After General Elections and seats in Parliament are allocated according to parties proportionally based on the votes they have received, Members of Parliament deployed by various parties take an oath of office, affirming their faithfulness to the republic in discharging their duties in accordance with Schedule 2 of the Constitution.
Affirmation on Schedule 2 (4) of the Constitution is based on the notion of the separation of powers – the Legislature (National Assembly – Parliament) makes laws on behalf of the citizens and monitor that government – the Executive (President, Deputy President Ministers and Deputy Ministers), takes through and implements these laws; this monitoring role presupposes a certain degree of independence from the Executive – independence which is meant to enable the Legislature to be critical of the Executive and that MPs must hold it accountable and ensure that that they act in line with the constitution when executing their duties.
The role of Parliament is law-making and conducting oversight, the notion of accountability on the Executive. This means that issues affecting the lives of the people are shaped and driven by Parliament, as such, it ought to be representative and work in line with the Constitution.
The South African Constitution obligates the government to be based on the will and best interests of the people whose duties are guided by the dreams, aspirations, and wellbeing of the general public on all levels. The effective and efficient role of the citizens in the political discourse of the country is of paramount importance for people to believe in the idea of a social contract, its institutions, and its rules.
However, despite what appears to be a perfectly designed democratic system, there is a problem of separation of powers or lack thereof. After the July unrest that saw the looting of businesses, destruction of property, and loss of lives, it was clear that heads were going to roll.
And so, it was that President Cyril Ramaphosa reshuffled his Cabinet. It was more shuffling the same pack of cards around – moving Ministers and Deputy Ministers around as only Nosiviwe Mapisa-Nqakula was ‘fired’ from Cabinet after Tito Mboweni and Dr. Zweli Mkhize ‘tendered in their resignations.
This was seen as President Ramaphosa unleashing the whip for the security cluster’s failed response to the aforementioned unrest. She was replaced by Speaker of the National Assembly, Thandi Modise.
The doctrine of the separation of powers fundamentally means no arm of the State should interfere with the other; reconfiguration of the Executive should not have any bearing on the Legislature as an independent arm of the State. The inability to separate the two arms diminishes South Africa’s Constitutional democratic order and disregards the importance of the Legislature.
If this continues, we run the risk of weakening our democracy by failing to value the doctrine of the separation of powers, its development, and transformative purposes, in particular.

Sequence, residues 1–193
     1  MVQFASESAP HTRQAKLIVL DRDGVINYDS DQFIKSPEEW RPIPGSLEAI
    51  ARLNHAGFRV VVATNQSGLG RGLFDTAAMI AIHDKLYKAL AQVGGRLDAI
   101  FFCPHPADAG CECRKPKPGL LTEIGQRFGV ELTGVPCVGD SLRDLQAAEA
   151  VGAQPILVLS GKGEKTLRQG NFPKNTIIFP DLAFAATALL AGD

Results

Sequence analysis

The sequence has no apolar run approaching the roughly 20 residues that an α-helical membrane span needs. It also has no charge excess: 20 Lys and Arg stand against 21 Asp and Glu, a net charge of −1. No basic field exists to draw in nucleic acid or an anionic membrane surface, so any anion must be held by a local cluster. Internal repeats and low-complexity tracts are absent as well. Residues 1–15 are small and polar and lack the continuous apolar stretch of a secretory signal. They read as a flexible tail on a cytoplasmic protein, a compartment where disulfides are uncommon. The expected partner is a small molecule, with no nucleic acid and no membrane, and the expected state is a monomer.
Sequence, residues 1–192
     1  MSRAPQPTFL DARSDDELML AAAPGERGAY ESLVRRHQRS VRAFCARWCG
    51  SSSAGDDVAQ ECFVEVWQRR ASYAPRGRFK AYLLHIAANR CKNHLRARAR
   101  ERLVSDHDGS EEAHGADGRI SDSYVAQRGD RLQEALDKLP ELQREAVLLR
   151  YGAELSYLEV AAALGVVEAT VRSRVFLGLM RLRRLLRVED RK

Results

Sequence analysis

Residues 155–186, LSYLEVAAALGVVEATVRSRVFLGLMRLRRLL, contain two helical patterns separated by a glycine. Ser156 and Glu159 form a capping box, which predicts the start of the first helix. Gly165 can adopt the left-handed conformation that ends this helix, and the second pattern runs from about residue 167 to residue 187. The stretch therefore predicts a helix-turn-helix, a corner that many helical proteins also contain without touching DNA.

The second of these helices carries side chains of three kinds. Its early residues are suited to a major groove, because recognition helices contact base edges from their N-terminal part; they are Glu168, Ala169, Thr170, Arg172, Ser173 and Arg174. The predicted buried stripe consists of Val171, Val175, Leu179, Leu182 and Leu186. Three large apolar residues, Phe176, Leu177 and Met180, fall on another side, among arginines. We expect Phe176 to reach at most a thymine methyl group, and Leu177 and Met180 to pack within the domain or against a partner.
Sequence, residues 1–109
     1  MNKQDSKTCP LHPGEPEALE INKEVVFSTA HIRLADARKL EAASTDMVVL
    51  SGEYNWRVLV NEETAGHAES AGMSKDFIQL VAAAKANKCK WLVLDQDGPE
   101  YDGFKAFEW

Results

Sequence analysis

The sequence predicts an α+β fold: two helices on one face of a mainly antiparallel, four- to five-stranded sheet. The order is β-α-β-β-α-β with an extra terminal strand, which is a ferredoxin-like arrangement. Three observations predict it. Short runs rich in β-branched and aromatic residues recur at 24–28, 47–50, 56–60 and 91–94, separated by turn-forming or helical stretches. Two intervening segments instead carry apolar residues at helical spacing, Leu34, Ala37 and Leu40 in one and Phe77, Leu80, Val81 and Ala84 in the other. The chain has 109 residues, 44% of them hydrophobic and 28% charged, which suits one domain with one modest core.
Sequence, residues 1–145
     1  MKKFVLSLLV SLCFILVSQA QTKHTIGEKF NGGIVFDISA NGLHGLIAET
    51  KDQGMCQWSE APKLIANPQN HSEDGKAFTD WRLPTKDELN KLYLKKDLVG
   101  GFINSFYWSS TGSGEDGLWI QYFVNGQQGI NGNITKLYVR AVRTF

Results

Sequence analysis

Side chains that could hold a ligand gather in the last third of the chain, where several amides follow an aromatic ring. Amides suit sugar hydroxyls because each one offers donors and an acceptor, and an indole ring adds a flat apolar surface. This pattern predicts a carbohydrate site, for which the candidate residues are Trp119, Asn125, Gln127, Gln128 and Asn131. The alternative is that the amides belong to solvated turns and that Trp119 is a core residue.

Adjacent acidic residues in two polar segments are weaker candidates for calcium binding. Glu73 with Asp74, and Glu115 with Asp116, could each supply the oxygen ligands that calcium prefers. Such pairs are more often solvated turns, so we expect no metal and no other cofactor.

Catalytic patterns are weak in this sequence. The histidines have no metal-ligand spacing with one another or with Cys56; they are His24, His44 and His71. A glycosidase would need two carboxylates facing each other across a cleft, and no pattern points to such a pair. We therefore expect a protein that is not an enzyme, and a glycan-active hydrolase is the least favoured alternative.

As alluded to earlier, Nosiviwe Mapisa-Nqakula’s axing from the cabinet was because of the lack of coordinated effort by the security cluster to the July unrest and publicly contradicting the President on the issue, as such it would be plausible to think that ANC’s Cadre Deployment would, in assessing deployment options for the veteran politician, take that into consideration.
In the words of President Cyril Ramaphosa, “Minister Nosiviwe Mapisa-Nqakula will be deployed to a new position”. I would’ve assumed that she was going to be given a diplomatic post since that aspect of our government has been relegated to the deployment of members of the ruling party for a ‘cooling-off period’ after transgressions.
On August 10, however, the former Defence Minister was nominated by the ANC to be the Speaker of Parliament – the 3rd most powerful position in the country. At face value, it seemed as though being removed from cabinet was punishment, and, like any other workplace environment, would be demoted for poor performance.
The nomination, however, shows us that the cabinet reshuffle was not about reconfiguring the National Executive to create a much more responsive government – it was a factional deployment – setting the scene. It was more of political maneuvering rather than governance-related.
The President is trying, by all means, to balance the forces within the ANC ahead of the elective conference next year in December – threading carefully, focusing on the optics of the ruling party -at the cost of the country.
The cabinet reshuffle was about the realignment of ANC factions rather than improving service delivery and the effective coordination of government in discharging its Constitutional duties.
British-American author, Simon Sinek once said, “Leadership is not about the next election, it’s about the next generation”. Politics as a discipline teaches us that the primary objective of any state is the welfare of its people. Not in South Africa – here it is the African National Congress first. That’s what the events of the past few days have shown us.
Vusi Gumbi is a Masters candidate in Politics at the University of Johannesburg and the Winner of One Day Leader Season 8